dc.description.abstractCyclooxoygenase (COX)-2 overexpression is involved in gastric carcinogenesis. While high-salt intake is a known risk factor for gastric cancer development, we determined the effects of high salt on gastric chemical carcinogenesis in COX-2 transgenic (TG) mice. COX-2 TG mice were developed in C57/BL6 strain using the full-length human cox-2 complementary DNA construct. Six-week-old COX-2 TG and wild-type (WT) littermates were randomly allocated to receive alternate week of N-methyl-N-nitrosourea (MNU, 240 p.p.m.) in drinking water or control for 10 weeks. Two groups of mice were further treated with 10% NaCl during the initial 10 weeks. All mice were killed at the end of week 50. Both forced COX-2 overexpression and high-salt intake significantly increased the frequency of gastric cancer development in mice as compared with WT littermates treated with MNU alone. However, no additive effect was observed on the combination of high salt and COX-2 expression. We further showed that MNU and high-salt treatment increased chronic inflammatory infiltrates and induced prostaglandin E2 (PGE2) production in the non-cancerous stomach. Whereas high-salt treatment markedly increased the expression of inflammatory cytokines (tumor necrosis factor-α, interferon-γ, interleukin (IL)-1β and IL-6) in the gastric mucosa, COX-2 overexpression significantly altered the cell kinetics in the MNU-induced gastric cancer model. In conclusion, both high salt and COX-2 overexpression promote chemical-induced gastric carcinogenesis, possibly related to chronic inflammation, induction of PGE2, disruption of cell kinetics and induction of inflammatory cytokines. © The Author 2008. Published by Oxford University Press. All rights reserved.en_HK
dc.languageengen_US
dc.publisherOxford University Press. The Journal's web site is located at http://carcin.oxfordjournals.org/en_HK
dc.relation.ispartofCarcinogenesisen_HK
dc.subjectChemicals And Cas Registry Numbersen_US
dc.subject.meshAnimalsen_HK
dc.subject.meshApoptosisen_HK
dc.subject.meshCell Divisionen_HK
dc.subject.meshCyclooxygenase 2 - geneticsen_HK
dc.subject.meshDNA - geneticsen_HK
dc.subject.meshFemaleen_HK
dc.subject.meshGenetic Predisposition to Diseaseen_HK
dc.subject.meshHumansen_HK
dc.subject.meshMethylnitrosourea - toxicityen_HK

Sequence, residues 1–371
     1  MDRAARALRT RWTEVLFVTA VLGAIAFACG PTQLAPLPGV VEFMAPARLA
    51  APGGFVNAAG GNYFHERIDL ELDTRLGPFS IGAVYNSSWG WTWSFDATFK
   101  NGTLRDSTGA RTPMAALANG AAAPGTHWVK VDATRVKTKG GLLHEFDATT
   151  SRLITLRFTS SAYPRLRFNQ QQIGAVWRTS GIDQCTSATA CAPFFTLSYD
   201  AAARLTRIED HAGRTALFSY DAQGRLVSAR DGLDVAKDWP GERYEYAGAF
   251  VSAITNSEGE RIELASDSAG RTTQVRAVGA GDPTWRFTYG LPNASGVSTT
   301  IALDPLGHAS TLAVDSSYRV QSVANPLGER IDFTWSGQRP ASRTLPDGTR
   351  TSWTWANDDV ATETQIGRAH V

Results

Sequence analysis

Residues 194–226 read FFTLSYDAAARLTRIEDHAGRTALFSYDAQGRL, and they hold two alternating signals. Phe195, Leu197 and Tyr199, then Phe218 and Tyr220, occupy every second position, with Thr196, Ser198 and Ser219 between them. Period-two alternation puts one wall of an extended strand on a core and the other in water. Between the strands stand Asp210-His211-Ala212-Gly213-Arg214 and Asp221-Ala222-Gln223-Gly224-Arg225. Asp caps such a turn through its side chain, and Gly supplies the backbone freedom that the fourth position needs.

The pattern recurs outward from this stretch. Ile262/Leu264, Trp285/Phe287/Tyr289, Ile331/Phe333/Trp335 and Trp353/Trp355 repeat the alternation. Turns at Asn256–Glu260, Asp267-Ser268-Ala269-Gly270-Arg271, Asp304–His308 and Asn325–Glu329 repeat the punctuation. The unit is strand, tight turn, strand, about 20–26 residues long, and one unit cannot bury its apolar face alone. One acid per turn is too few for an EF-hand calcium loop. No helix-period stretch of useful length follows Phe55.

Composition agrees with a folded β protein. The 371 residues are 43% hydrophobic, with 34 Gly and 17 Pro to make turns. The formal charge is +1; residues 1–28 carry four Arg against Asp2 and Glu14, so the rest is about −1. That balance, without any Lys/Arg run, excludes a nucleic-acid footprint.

dc.subject.meshMiceen_HK
dc.subject.meshMice, Transgenicen_HK
dc.subject.meshOviducts - enzymologyen_HK
dc.subject.meshPseudopregnancy - enzymologyen_HK
dc.subject.meshSodium Chloride, Dietary - toxicityen_HK
dc.subject.meshStomach Neoplasms - chemically induced - enzymology - genetics - pathologyen_HK
dc.titleTransgenic cyclooxygenase-2 expression and high salt enhanced susceptibility to chemical-induced gastric cancer development in miceen_HK
dc.typeArticleen_HK
dc.identifier.emailLeung, WK:waikleung@hku.hken_HK
dc.identifier.authorityLeung, WK=rp01479en_HK
dc.description.naturelink_to_subscribed_fulltexten_US
dc.identifier.doi10.1093/carcin/bgn156en_HK
dc.identifier.pmid18611916en_HK
dc.identifier.scopuseid_2-s2.0-49649116457en_HK
dc.relation.referenceshttp://www.scopus.com/mlt/select.url?eid=2-s2.0-49649116457&selection=ref&src=s&origin=recordpageen_HK
dc.identifier.volume29en_HK
dc.identifier.issue8en_HK
dc.identifier.spage1648en_HK
dc.identifier.epage1654en_HK
dc.identifier.eissn1460-2180-
dc.identifier.isiWOS:000258471900024-
dc.publisher.placeUnited Kingdomen_HK
dc.identifier.scopusauthoridLeung, WK=7201504523en_HK
dc.identifier.scopusauthoridWu, KC=8947728400en_HK
dc.identifier.scopusauthoridWong, CYP=25947838400en_HK
dc.identifier.scopusauthoridCheng, ASL=7402075036en_HK
dc.identifier.scopusauthoridChing, AKK=35083263600en_HK
dc.identifier.scopusauthoridChan, AWH=25930306100en_HK
dc.identifier.scopusauthoridChong, WWS=24576241300en_HK
dc.identifier.scopusauthoridGo, MYY=7101882939en_HK
dc.identifier.scopusauthoridYu, J=35351306800en_HK
dc.identifier.scopusauthoridTo, KF=7101911940en_HK
dc.identifier.scopusauthoridWang, X=35235704600en_HK
dc.identifier.scopusauthoridChui, Yl=7004982375en_HK
dc.identifier.scopusauthoridFan, DM=7202965595en_HK
dc.identifier.scopusauthoridSung, JJY=35405352400en_HK